The BBC’s Tulip Mazumdar has reported extensively on maternal health and the issues women face around the world. In this note she reflects on her experience, and the loss of her pregnancies.
You never think it will happen to you. But then you’re sitting in scan room 9, staring at your bright blue socks, wiggling your toes against the white hospital sheets, waiting for the sonographer to say something.
But it says nothing. Instead, call someone else. And in the split second before he speaks, you realize that your world is about to go into free fall.
I’m so sorry (he says quietly).
I have had four miscarriages in the last two years. Two losses in the first trimester, known as early miscarriages, and two late losses in the second trimester.
It is estimated that at least one in four pregnancies end in miscarriage in the UK. About 50% of the time it is due to a chromosomal abnormality, whereby the baby could never have survived, and most women later have a healthy pregnancy.
But like me 1 in 100 women will experience abortions spontaneouss recurrents, which are defined in the UK as three miscarriages in a row. The more losses we experience, the less likely a successful pregnancy will be.
About half of these losses are attributed to known causes, such as problems with clotting or the lining of the uterus.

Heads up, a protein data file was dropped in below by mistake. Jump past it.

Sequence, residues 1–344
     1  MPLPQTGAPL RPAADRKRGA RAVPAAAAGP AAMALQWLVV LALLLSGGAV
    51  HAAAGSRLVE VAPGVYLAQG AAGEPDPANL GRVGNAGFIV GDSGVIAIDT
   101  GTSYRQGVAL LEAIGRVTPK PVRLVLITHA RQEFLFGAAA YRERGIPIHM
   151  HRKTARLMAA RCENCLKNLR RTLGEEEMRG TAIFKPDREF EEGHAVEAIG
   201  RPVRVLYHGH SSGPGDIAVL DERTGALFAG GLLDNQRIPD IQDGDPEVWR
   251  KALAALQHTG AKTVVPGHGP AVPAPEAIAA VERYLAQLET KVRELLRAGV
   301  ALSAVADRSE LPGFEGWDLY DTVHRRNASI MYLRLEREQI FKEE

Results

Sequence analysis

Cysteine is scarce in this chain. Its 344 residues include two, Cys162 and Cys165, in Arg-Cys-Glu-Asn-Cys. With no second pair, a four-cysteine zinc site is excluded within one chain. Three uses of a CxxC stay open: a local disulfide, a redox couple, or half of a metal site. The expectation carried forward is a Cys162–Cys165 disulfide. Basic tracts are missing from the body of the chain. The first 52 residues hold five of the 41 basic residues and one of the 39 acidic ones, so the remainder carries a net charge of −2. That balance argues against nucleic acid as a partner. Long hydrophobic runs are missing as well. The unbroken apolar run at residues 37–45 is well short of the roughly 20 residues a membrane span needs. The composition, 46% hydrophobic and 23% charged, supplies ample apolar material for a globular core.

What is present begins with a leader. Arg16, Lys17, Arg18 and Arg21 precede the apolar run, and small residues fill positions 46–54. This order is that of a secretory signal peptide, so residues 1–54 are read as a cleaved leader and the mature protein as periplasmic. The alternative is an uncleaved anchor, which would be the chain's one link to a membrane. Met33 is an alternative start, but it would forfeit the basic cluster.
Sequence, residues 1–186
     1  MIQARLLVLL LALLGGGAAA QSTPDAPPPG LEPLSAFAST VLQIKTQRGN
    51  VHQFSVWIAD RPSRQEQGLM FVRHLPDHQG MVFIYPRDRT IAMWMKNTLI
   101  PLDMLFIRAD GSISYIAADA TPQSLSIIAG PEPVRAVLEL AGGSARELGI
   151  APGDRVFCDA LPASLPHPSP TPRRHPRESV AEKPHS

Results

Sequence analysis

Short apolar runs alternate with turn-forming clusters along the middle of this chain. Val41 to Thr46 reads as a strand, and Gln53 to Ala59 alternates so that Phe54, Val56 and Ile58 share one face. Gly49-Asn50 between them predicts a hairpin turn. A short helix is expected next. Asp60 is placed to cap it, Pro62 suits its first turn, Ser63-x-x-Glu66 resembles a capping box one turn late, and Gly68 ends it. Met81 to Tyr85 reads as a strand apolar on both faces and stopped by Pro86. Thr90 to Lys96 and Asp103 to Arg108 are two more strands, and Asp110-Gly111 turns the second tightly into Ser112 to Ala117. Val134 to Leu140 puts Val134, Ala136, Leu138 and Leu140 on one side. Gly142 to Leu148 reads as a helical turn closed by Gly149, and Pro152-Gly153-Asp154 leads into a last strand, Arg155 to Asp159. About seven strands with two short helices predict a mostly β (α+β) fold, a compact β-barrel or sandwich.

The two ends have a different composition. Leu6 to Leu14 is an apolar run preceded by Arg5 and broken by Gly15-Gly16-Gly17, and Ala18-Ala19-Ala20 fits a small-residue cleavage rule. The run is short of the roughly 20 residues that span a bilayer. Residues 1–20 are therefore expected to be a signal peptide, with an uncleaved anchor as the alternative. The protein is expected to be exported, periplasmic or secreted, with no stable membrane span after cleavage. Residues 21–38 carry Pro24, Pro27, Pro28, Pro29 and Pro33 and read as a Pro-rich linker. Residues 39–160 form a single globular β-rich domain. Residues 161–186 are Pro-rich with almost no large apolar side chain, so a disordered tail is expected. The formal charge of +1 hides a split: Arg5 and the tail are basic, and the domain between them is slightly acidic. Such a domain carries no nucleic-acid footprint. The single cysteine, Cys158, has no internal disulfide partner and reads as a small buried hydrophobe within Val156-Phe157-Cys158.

But for many couples, the reasons remain unknown, simply because this type of research has not been funded or done. Women’s health problems are notoriously under-researched.
My losses went from bad to worse. The first was an early pregnancy test, followed by a long, late period, which is known as chemical pregnancy.
The second was what is called a anembryonic pregnancy (also ovum or hollow egg) in which a gestational sac was found, in which no embryo was developing. I lost that pregnancy while at work, reporting on maternal health in a Greek refugee camp.
As I walked in and out of the dirty portable toilets at the camp, I had to focus on the task at hand.
She was well aware that, with thousands of women crammed into the camp, she would not be the only one in the process of losing a pregnancy. But, unlike the other women, she could fly home (to the UK) and get the proper care.
Was born without beats. He was born sleeping, as some people prefer to describe it.
Rivah arrived in a perfect amniotic bubble, after a strangely beautiful delivery. It felt so strange to admit that I “enjoyed” the birth. But it was the only thing we could do together. My husband holding my hand and my baby being born.
The following weeks are blurry. I have snippets of memories: mulling over the decision to do an autopsy, dressing my young son as a bear for World Book Day, sitting in a funeral home and looking at a catalog of small coffins, and meeting my beautiful nephew for the first time. .
I know how intense reading this can be. Horrible even. But many women and families have had similar experiences, and very few feel able to speak openly about it.
I ended up apologizing to the others for my sad news making them feel bad, when I saw how inevitably their faces would sadden. It’s hard for any of us two know what to say.
Like me, millions of women don’t get answers about why their baby died. But I consider myself one of the “lucky ones” with the excellent care I received here in the UK.
I have reported on maternal health in many parts of the world and have seen firsthand how so many women, especially in some developing countries, do not see a medical professional before, during or after losing their babies.